The move toward Hawaiian sovereignty is gaining momentum big time.

“Those of us of Hawaiian ancestry should govern ourselves, run our own affairs, on land that is ours, but within the borders of what you would still call Hawai’i,” said Mililani Trask, Prime Minister of the pro-sovereignty organization, Ka Lahui Hawai’i.

“Sentiment is steadily building even among the non-Natives… and I honesty do think it’s going to happen,” said Lulani McKenzie of the state Office of Hawaiian Affairs.

Other Native Hawaiians have gone further, calling for complete independence of the island nation from the U.S.

In recent years, dozens of pro sovereignty organizations have sprung up, some with tens of thousands of members. Civil disobedience, protests, legislative battles and even violent incidents are on the rise.

In 1993, the state legislature passed several laws and resolutions acknowledging sovereignty as a goal. The same year, U.S. President Bill Clinton apologized to Native Hawaiians on the 100th anniversary of the overthrow of the Hawaiian monarchy by the U.S.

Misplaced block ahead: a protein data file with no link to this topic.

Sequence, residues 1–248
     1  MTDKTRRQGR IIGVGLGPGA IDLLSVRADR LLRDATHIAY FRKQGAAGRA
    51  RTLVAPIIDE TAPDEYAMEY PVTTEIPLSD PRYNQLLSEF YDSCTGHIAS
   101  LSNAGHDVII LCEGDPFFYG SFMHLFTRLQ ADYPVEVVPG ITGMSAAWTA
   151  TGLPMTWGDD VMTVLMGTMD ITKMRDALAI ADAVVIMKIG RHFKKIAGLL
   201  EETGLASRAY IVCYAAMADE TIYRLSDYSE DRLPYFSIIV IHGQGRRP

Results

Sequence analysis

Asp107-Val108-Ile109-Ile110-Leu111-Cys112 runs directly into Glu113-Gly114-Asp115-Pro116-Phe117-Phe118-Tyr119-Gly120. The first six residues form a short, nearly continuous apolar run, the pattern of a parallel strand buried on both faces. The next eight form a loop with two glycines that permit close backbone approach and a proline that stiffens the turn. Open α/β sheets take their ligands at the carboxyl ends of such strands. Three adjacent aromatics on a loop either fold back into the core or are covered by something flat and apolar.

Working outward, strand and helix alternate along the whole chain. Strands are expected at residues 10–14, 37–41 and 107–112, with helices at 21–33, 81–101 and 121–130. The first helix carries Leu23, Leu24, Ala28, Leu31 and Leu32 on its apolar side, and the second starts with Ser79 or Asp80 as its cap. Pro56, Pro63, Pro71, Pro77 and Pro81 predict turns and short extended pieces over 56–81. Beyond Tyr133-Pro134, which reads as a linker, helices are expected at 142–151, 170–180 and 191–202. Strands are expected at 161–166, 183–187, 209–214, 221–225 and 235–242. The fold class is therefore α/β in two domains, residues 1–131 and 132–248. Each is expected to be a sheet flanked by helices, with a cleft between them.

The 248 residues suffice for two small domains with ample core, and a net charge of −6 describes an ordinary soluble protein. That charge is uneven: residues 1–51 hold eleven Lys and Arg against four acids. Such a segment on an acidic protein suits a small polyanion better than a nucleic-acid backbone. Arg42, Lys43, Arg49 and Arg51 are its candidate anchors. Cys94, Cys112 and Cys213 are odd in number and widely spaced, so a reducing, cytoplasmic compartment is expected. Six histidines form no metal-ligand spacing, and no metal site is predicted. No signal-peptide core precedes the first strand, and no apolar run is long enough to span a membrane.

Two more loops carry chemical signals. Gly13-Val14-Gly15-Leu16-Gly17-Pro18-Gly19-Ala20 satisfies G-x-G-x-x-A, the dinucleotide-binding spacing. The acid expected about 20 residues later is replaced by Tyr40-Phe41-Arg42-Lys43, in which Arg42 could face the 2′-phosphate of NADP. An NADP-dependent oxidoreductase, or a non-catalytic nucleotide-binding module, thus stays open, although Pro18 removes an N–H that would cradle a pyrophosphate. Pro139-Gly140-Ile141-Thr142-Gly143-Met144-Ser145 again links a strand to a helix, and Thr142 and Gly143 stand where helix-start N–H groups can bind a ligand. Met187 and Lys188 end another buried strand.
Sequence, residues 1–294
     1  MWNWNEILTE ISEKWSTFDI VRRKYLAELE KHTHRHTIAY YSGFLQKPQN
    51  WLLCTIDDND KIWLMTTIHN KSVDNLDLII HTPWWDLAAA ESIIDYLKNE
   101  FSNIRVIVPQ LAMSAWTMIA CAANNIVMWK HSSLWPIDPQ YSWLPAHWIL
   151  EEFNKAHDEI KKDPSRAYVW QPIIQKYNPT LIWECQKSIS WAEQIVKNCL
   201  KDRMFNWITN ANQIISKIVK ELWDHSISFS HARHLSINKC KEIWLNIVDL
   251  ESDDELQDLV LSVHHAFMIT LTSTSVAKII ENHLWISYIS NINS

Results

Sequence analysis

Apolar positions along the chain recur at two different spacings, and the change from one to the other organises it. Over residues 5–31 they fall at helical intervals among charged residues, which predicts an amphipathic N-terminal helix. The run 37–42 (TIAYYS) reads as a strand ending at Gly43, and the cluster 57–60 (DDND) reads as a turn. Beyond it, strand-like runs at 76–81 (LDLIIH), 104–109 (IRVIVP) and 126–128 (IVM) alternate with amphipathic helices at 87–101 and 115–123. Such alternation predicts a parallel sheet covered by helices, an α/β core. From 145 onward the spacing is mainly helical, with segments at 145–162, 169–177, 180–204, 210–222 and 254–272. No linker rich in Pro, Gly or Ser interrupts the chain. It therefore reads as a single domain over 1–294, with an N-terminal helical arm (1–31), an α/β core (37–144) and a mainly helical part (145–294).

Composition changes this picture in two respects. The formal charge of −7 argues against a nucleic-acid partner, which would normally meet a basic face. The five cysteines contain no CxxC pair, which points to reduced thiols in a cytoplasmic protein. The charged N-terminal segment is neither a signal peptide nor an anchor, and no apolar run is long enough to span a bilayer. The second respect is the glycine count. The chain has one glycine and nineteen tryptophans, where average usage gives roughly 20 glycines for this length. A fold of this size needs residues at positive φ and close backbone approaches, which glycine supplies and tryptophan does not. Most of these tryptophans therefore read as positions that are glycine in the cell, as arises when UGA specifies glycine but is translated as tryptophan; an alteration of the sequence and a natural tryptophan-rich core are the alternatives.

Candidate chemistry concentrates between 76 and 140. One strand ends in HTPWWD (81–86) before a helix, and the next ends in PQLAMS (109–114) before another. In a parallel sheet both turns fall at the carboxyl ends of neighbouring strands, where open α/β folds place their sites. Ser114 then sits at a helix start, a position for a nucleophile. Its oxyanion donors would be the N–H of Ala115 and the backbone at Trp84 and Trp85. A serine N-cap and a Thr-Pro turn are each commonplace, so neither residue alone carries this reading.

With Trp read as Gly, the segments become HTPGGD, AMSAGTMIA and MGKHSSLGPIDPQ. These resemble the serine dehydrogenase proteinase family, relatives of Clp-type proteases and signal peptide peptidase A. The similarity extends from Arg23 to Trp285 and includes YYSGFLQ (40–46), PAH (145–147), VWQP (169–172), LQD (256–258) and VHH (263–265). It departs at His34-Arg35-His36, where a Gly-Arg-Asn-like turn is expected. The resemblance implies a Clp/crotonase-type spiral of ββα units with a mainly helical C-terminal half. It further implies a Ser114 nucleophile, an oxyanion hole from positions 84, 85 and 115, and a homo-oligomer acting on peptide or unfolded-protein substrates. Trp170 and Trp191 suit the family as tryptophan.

“That was a real morale booster… and even better, it provided a potential legal basis for asserting that the American government was wrong and therefore must atone for that wrong,” said an aide to Governor John Waihee, who is the state’s first governor of Native Hawaiian ancestry.

This summer, Hawaiians will have a chance to vote on it: A referendum is being held on whether Native Hawaiians should elect delegates to plan their own government.

Source: The Toronto Globe and Mail